This infection will go on just like the flu does.  The infection, despite all measures will spread though the population.  It will not be stopped by social distancing, mask, hand sanitizers, or other non-treatment or non-immunization techniques.  Those things may help you to avoid being one of the infected ones, but people will be people and the virus will spread.  It will be stopped when enough people have been infected so that it becomes difficult for it to be spread, since most have developed immunity from prior infection (herd immunity).  Or, it will be stopped when a good treatment is identified or an immunization developed.  

Us old timers are at higher risk, as are those who have underlying conditions, most likely including untreated Obstructive Sleep Apnea.  So Winston, use your CPAP!!! Your youth is a good, but not perfect, fortress and defense against this bug.  It is best not to get it.  Do what you can to protect yourself. 

As the number of test performed increases, the number of cases of infection will increase.  What you should watch is the number of patients with the virus hospitalized, the number of cases per capita, and the percent of tested patients who are positive for the virus.  I would not follow the percentage of hospital beds used or beds available since hospital administrators, public health administrators, press and politicians can manipulate the percentages for secondary gain.

I differ in my opinion from your friend.  This country’s response to the virus has been the best in the world with a few notable exceptions mostly in New York.  A few of the major reasons would include:

More testing            

Less dying

More secondary support – supplies, test, ventilators, vaccine work, emergency hospital beds, etc

More openness in data reporting

As a physician, there is no country in the world that I would rather be in during this, or for that matter, any pandemic.  Mistakes have been made and more will be made, but those mistakes do not change my opinion of the country’s response.

The Wuhan virus is a mean respiratory bug that has the potential for serious illness and death.  It is meaner than the flu, but only a little more so.  Most people infected with the virus do not need hospitalization and many, if not the majority, do not even know that they were infected.

So Master Winston, keep a safe distance, wear you mask around others, and wash those hand.  As they might say in the military, keep you head down and move fast.   And of course, use your CPAP.  This will pass.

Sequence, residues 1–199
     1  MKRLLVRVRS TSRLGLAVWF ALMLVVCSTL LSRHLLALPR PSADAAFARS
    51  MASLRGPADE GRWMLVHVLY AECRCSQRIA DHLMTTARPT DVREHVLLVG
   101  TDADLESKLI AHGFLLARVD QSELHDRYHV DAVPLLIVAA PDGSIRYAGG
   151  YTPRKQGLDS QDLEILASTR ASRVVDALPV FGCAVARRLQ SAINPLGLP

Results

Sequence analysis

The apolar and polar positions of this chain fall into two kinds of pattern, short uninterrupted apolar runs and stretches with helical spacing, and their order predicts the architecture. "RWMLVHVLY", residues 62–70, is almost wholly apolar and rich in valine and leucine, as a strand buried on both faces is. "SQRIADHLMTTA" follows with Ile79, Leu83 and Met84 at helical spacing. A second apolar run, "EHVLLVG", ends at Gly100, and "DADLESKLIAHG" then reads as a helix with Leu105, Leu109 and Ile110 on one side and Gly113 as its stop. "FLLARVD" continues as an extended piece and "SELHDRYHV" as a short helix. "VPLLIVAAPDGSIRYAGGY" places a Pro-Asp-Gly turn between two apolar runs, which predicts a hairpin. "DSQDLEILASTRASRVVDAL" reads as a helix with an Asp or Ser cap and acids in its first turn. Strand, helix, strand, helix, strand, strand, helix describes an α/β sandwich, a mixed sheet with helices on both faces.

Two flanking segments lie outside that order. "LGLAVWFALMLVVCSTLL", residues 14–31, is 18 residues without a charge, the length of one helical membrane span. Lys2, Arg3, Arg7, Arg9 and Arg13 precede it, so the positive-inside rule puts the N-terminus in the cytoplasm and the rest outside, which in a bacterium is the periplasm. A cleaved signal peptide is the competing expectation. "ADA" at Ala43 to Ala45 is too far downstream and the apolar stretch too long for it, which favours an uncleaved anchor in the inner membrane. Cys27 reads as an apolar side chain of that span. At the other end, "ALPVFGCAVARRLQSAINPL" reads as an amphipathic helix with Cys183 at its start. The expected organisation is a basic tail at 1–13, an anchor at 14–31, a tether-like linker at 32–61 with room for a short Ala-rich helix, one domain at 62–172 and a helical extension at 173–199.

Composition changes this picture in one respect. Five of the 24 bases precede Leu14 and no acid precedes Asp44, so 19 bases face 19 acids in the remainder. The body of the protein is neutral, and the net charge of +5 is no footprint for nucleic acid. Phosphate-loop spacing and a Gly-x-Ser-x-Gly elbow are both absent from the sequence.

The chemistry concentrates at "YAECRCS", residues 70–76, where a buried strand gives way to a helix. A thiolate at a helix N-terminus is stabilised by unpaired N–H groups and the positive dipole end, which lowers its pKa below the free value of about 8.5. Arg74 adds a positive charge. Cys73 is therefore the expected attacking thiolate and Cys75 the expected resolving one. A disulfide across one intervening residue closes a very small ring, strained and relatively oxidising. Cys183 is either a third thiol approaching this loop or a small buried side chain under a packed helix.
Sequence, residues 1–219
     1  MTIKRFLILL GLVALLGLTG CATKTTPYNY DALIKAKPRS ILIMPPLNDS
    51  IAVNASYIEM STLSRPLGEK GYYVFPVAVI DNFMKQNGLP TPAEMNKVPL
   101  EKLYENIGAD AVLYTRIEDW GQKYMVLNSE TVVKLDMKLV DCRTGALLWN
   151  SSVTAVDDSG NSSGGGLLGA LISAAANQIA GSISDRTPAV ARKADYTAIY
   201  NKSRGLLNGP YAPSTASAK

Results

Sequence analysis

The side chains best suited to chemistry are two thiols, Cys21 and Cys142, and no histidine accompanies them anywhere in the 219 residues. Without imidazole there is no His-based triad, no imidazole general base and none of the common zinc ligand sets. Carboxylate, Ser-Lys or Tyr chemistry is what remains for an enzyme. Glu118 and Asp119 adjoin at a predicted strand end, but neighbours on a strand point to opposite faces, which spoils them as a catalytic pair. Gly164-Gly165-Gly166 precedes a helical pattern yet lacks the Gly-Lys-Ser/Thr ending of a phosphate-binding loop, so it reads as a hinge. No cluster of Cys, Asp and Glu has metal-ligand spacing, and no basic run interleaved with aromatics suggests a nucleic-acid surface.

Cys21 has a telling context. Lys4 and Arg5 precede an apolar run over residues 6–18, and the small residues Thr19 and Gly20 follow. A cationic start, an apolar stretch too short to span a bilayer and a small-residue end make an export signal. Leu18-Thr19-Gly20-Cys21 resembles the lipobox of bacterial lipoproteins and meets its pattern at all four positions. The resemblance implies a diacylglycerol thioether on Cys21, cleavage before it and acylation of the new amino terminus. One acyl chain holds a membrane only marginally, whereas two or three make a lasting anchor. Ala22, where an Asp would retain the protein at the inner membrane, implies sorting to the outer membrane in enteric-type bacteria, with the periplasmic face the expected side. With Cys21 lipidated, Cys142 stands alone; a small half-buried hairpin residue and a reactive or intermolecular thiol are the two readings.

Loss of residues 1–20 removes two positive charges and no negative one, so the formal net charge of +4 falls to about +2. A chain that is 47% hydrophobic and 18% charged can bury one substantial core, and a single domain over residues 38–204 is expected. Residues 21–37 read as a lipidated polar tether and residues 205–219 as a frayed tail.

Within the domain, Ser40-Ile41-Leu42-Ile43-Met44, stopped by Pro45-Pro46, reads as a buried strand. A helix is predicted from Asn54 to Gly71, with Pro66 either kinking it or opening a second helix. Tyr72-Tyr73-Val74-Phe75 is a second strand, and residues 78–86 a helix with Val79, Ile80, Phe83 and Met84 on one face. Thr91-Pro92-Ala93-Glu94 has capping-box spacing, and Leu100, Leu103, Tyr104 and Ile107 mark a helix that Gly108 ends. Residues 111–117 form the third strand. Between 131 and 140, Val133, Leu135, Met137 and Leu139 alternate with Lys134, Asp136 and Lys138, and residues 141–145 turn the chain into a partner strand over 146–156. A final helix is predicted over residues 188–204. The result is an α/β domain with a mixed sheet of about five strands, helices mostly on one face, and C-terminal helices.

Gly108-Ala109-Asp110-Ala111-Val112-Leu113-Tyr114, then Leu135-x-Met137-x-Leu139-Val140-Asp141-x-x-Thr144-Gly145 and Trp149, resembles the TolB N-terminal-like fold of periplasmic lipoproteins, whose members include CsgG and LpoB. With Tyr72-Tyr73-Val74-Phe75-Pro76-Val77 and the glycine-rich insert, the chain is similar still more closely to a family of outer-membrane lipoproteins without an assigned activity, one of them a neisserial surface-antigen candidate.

A Right to Healthcare – Its not that Simple

Winston  Oct 29, 2022

Yes, I will try to answer your question. I understand your training has led you to believe that healthcare is a right. Why, you ask, did I pause before saying,  “It’s not that simple. But if it were, the answer would have to be no.”

Consider first what is meant by the term, healthcare. Like most words, it is likely interpreted differently by almost everyone. The views will run from having clean water, a family doctor available for medical problems to those that would include anything to do with a person’s health.  These are widely divergent categories of products and services based on different delivery systems and business models.  It is almost impossible to discuss a ‘right to healthcare’ without understanding everything that is included in the discussion – the components of healthcare. 

It is not the only term that needs to be defined. What do the promoters mean by the word, right? Maybe it is best to consider its meaning first.  

When right is used as a noun, as it is in a ‘right to healthcare,’ common definitions according to Merriam-Webster include:  qualities of moral correctness or moral propriety; something to which someone has a just claim; something to which someone may claim as their due; and, a cause of truth or justness.  The proponents of a ‘right to healthcare’ usually mean the second or third of these definitions, a just claim or their due.

Healthcare has only one definition listed. Merriam-Webster defines it as ‘efforts to maintain or restore physical, mental or emotional well-being especially by trained or licensed professionals.’  Practically speaking, this definition would essentially cover all aspects of personal and public health. It would include the fields of preventive medicine, public health and personal medical care along with institutional medical care. Each of these fields is unique in how it is currently organized and delivered while sharing some common features. The shared features include the need for physical plants of operation, equipment to provide the services, support staff to carry out the services and a professional staff. These factors are needed in varying quantities and of different types for each of these fields of endeavors.

For clearer understanding we need to look more specifically at the services included in healthcare. These would include public health services, preventive medicine services (public or individual), individual’s urgent and chronic medical care, and institutional care (hospitalization and similar). We need to consider all the services that might be determined to be healthcare.